In President Obama's State of the Union Address, the president shared a quote by Abraham Lincoln that finally got Republicans to rise and applaud a core principle that America used to stand for: "You cannot help men permanently by doing for them what they could and should do for themselves.”
Unfortunately, his programs and policies don't match his words. On the one hand, he talks of an America that rewards hard work and success and ensures that all play by the same rules but, moments later, promises to change the rules and raise taxes on a very few wealthy Americans.
His double-speak would be comical if it were not so maddening: "We can either settle for a country where a shrinking number of people do extremely well while a growing number of Americans barely get by, or we can restore an economy where everyone gets a fair shot, everyone does their fair share, and everyone plays by the same set of rules." Obama's liberal definition of "fairness" is anything but fair. Liberal "fairness" demands that government must take more from the top five percent of wealthy Americans who already pay 60% of the income tax load to fund the benefit programs for Americans who pay no income taxes and, according to liberals, can't get by without government help.
Gov. Mitch Daniels in the GOP response rightfully called this approach "trickle-down government." Americans have a choice this November--a government that will do everything it can to get out the way so that private enterprise can flourish and jobs can be created or a government that keeps extending handouts and adding debt.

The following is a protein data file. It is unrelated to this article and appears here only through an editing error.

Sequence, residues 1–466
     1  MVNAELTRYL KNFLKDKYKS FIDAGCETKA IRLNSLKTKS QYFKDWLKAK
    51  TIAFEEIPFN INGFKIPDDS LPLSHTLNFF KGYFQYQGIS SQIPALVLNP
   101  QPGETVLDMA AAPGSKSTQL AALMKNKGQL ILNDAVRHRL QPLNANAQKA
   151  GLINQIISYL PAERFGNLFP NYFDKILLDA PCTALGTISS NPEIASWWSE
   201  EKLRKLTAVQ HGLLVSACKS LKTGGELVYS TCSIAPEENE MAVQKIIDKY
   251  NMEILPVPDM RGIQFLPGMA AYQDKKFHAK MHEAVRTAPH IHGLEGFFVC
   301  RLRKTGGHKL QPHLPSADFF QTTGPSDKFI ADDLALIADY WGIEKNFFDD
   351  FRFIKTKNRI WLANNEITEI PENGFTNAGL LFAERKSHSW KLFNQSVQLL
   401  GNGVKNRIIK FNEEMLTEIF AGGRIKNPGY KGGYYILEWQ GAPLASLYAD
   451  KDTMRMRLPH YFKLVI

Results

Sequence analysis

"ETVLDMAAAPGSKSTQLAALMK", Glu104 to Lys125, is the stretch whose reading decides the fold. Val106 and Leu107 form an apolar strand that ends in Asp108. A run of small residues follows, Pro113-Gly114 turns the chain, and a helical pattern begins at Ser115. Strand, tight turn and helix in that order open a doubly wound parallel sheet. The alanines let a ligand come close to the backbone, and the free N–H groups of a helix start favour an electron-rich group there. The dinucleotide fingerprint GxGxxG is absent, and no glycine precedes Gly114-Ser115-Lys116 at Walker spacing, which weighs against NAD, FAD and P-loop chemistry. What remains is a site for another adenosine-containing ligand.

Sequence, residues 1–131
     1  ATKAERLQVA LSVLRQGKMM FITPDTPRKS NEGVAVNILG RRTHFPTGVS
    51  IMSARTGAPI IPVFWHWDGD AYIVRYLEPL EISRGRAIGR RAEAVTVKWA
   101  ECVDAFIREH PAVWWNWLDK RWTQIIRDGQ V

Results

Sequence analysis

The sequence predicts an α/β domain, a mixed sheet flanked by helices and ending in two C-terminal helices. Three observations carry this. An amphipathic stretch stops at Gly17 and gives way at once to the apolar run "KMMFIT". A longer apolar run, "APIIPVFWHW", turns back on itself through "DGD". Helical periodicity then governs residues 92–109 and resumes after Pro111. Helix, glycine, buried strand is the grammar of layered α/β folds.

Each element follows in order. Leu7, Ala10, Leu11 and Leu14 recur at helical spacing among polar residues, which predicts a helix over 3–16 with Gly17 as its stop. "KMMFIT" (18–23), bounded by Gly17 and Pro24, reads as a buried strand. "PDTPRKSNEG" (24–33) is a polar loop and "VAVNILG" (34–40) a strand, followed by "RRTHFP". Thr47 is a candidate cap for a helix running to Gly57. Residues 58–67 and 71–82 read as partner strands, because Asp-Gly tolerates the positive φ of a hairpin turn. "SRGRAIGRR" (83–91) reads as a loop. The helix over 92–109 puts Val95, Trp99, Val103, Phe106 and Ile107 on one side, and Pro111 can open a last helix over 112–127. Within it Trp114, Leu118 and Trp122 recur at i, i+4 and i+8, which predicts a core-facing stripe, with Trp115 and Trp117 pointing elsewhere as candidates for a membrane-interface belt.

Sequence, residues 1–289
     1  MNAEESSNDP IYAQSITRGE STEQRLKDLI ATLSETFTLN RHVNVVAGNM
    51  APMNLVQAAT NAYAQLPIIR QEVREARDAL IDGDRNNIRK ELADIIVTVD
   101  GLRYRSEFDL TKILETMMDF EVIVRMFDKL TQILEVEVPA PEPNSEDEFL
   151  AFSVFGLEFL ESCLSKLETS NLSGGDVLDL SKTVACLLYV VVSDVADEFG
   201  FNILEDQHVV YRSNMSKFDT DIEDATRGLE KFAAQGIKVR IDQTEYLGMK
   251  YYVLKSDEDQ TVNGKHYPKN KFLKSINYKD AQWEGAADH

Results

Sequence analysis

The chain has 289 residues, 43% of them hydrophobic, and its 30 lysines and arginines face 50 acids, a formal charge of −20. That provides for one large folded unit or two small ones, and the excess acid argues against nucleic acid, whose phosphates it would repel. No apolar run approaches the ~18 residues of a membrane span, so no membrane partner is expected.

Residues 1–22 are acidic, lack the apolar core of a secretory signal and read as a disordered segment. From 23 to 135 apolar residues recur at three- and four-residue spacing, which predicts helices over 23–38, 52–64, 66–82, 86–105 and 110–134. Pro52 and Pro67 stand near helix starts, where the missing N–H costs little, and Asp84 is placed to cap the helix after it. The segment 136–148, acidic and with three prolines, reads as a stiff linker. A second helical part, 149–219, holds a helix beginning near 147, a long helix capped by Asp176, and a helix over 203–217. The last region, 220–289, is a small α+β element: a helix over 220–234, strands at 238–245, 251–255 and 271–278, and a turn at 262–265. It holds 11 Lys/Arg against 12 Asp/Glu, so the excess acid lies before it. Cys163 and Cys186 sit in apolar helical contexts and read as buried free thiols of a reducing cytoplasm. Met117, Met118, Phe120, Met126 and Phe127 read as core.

If President Obama had embraced Abraham Lincoln's full quote, he would have had the non-partisan support he says that he wants: “You cannot bring about prosperity by discouraging thrift. You cannot strengthen the weak by weakening the strong. You cannot help the wage earner by pulling down the wage payer. You cannot further the brotherhood of man by encouraging class hatred. You cannot help the poor by destroying the rich. You cannot keep out of trouble by spending more than you earn. You cannot build character and courage by taking away man’s initiative and independence. You cannot help men permanently by doing for them what they could and should do for themselves.”
During the Republican January 16th debate in South Carolina, Newt Gingrich received a standing ovation. Why? Because he took a politically incorrect stand for conservative principles that contrasted America's choice: More government dependence or more personal responsibility and opportunity.
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